Sunday, September 24, 2017

The Fed has spoken (and what that means)

Preface: Explaining our market timing models
We maintain several market timing models, each with differing time horizons. The "Ultimate Market Timing Model" is a long-term market timing model based on the research outlined in our post, Building the ultimate market timing model. This model tends to generate only a handful of signals each decade.

The Trend Model is an asset allocation model which applies trend following principles based on the inputs of global stock and commodity price. This model has a shorter time horizon and tends to turn over about 4-6 times a year. In essence, it seeks to answer the question, "Is the trend in the global economy expansion (bullish) or contraction (bearish)?"

My inner trader uses the trading component of the Trend Model to look for changes in the direction of the main Trend Model signal. A bullish Trend Model signal that gets less bullish is a trading "sell" signal. Conversely, a bearish Trend Model signal that gets less bearish is a trading "buy" signal. The history of actual out-of-sample (not backtested) signals of the trading model are shown by the arrows in the chart below. Past trading of the trading model has shown turnover rates of about 200% per month.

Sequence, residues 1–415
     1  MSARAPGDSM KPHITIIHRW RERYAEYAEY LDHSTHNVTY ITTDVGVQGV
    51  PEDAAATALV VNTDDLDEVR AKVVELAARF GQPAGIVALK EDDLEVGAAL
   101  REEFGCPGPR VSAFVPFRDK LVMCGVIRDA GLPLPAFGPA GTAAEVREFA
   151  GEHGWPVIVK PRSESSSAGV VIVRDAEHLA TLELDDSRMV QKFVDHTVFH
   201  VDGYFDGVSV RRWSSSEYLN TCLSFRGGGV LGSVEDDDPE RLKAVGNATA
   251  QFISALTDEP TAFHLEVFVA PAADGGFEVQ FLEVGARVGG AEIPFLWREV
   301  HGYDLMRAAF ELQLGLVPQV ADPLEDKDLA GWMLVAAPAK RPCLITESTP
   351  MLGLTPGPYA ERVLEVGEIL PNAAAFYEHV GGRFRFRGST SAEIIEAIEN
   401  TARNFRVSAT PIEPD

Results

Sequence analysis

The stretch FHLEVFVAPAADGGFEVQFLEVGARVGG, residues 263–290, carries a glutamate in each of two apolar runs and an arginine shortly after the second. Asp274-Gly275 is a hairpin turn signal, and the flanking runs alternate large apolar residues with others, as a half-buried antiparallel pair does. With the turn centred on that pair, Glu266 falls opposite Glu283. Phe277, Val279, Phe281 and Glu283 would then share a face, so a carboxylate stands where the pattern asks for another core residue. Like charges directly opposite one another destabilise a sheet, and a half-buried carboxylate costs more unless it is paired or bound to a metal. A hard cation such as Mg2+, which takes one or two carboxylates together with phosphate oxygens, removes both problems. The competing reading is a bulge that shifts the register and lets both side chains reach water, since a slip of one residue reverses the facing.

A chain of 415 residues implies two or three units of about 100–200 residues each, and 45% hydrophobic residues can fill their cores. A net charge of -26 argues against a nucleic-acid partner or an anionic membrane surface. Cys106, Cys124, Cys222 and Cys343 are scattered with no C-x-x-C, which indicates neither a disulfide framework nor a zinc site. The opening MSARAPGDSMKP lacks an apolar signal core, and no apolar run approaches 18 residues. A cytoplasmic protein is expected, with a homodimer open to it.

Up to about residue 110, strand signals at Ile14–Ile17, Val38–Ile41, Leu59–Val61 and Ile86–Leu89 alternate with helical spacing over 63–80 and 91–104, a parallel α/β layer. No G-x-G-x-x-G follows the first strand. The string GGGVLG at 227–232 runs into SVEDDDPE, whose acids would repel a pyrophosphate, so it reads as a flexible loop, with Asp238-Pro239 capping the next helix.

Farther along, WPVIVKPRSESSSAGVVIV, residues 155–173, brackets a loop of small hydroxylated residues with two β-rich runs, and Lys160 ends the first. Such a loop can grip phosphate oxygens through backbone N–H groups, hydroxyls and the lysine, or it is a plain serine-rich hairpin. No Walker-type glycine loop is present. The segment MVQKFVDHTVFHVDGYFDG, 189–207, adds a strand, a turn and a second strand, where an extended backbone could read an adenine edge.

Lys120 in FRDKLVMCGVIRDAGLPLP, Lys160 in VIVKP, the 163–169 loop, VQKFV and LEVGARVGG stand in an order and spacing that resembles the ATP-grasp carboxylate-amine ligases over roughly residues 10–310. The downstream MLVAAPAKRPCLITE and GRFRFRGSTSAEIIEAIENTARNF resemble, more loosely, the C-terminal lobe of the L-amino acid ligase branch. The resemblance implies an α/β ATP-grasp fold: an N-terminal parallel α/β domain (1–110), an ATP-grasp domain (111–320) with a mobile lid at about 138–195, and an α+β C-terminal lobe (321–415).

The latest signals of each model are as follows:
  • Ultimate market timing model: Buy equities*
  • Trend Model signal: Neutral*
  • Trading model: Bearish*
* The performance chart and model readings have been delayed by a week out of respect to our paying subscribers.

Update schedule: I generally update model readings on my site on weekends and tweet mid-week observations at @humblestudent. Subscribers will also receive email notices of any changes in my trading portfolio.

The risks to the bond market
The Fed has spoken. Janet Yellen made it clear that the Fed is ready to normalize monetary policy, come hell or high water. This tone to US monetary policy begs the question of how much interest rates can rise.

The Citigroup Economic Surprise Index (ESI), which measures whether high frequency economic releases are beating or missing expectations, has been on a tear for the last few months. In the past, rising ESI values have put upward pressure on bond yields (blue line). How far can they go up this time, and what kind of effects will they have on stock prices?

Moreover, there are a number of indications that the Fed will become increasingly hawkish, and the trajectory of interest rate increases discounted by the market are well below actual Fed actions.

The full post can be found at our new site here.

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